In this third example, the added lesson was that Christians must continue to keep their eyes on the goal—God’s Kingdom. An experienced plowman immediately recognizes the point of this analogy. When plowing, the farmer fixes his eyes on a rock, a hill or some other marker, so that he will plow straight furrows. Although modern farmers with vast fields often use GPS equipment to accomplish this, the principle remains the same!

More little-known advice

A few chapters later, we find another insightful account about what we must do to become followers of Jesus Christ. With a huge number of people crowding around to hear Jesus’ every word, He gave more examples not of how easy it is to give your heart to the Lord, but how heavy the obligation of becoming a Christian is.

  • “Hate” those closest to you?

In Luke 14:26 Jesus said, “If anyone comes to Me and does not hate his father and mother, wife and children, brothers and sisters, yes, and his own life also, he cannot be My disciple.” This instruction seems strange until we understand the meaning of the original language.

The NKJV Study Bible explains: “To ‘hate’ one’s family and even one’s life is rhetorical. It refers to desiring something less than something else” (2007, notes on Luke 14:26). In other words, a Christian’s love for living God’s way of life has to be greater than the love he or she has for any human relationship, as well as for himself or herself.

Even clarified, the statement is rather unexpected.

  • Endure trials

The next example was extremely graphic. Jesus said, “And whoever does not bear his cross and come after Me cannot be My disciple” (verse 27). Just as condemned criminals were made to carry the crosses upon which they would be executed, we must be willing to endure whatever trials we may face for being Christians.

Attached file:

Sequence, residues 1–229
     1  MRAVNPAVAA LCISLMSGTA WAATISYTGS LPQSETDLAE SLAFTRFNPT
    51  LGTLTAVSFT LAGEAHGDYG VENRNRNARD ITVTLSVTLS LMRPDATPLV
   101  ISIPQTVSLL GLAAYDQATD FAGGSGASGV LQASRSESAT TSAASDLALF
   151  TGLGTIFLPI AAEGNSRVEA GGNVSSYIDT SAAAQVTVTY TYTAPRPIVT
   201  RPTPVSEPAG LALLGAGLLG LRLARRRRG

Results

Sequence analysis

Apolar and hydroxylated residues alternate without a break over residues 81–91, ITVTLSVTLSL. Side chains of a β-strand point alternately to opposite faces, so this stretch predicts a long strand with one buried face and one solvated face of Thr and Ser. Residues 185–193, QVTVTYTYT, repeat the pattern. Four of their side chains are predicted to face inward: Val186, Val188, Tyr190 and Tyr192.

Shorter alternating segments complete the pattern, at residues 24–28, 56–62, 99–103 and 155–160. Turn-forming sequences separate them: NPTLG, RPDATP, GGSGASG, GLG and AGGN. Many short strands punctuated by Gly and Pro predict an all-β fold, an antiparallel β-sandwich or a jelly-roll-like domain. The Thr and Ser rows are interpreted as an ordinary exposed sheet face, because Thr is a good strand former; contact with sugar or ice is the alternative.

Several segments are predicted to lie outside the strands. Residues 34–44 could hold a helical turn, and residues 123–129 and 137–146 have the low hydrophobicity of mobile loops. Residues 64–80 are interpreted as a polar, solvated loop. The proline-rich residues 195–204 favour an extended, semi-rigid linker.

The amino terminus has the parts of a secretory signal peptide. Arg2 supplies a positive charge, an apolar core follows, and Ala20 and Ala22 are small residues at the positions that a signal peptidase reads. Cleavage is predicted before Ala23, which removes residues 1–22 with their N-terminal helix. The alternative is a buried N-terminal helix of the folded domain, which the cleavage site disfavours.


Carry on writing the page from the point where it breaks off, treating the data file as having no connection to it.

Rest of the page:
• “Count the cost”

Next, Jesus spoke of a construction project. He pointed out that any responsible builder would consider the cost of the entire project from start to finish and then make sure he had the necessary funding to complete the project before he would even start. Beginning a construction project without considering funding could result in an abandoned, partially complete building—a visual symbol of the builder’s lack of judgment (verses 28-30).

This principle can also be applied to becoming a Christian. We need to understand the cost—the challenges and hardships—that are sure to come when we begin living God’s way of life.

  • Consider your resources

As for Christians, our battles are spiritual in nature. In reality, it is impossible for us to win this war by ourselves. Upon becoming a Christian, we will need the help of God’s great power—His Holy Spirit—to achieve victory against overwhelming odds.Jesus then gave an illustration about going to war. Quite simply, Jesus said that a king or general counts his troops before engaging an enemy. He wants to know in advance that victory is possible. If he doesn’t have sufficient resources to win, he makes peace instead of going to war (verses 31-32).

As for Christians, our battles are spiritual in nature. In reality, it is impossible for us to win this war by ourselves. Upon becoming a Christian, we will need the help of God’s great power—His Holy Spirit—to achieve victory against overwhelming odds.

  • “Forsake all”

Concluding His teaching on this occasion, Jesus said, “So likewise, whoever of you does not forsake all that he has cannot be My disciple” (verse 33). The lesson here is that in order to truly follow Christ, this must become the most important thing in our lives.

Why would Jesus tell people that unless they met these undeniably stringent standards, they could not become His disciples, Christians? He was simply further expounding upon the principle that “narrow is the gate.”

John’s account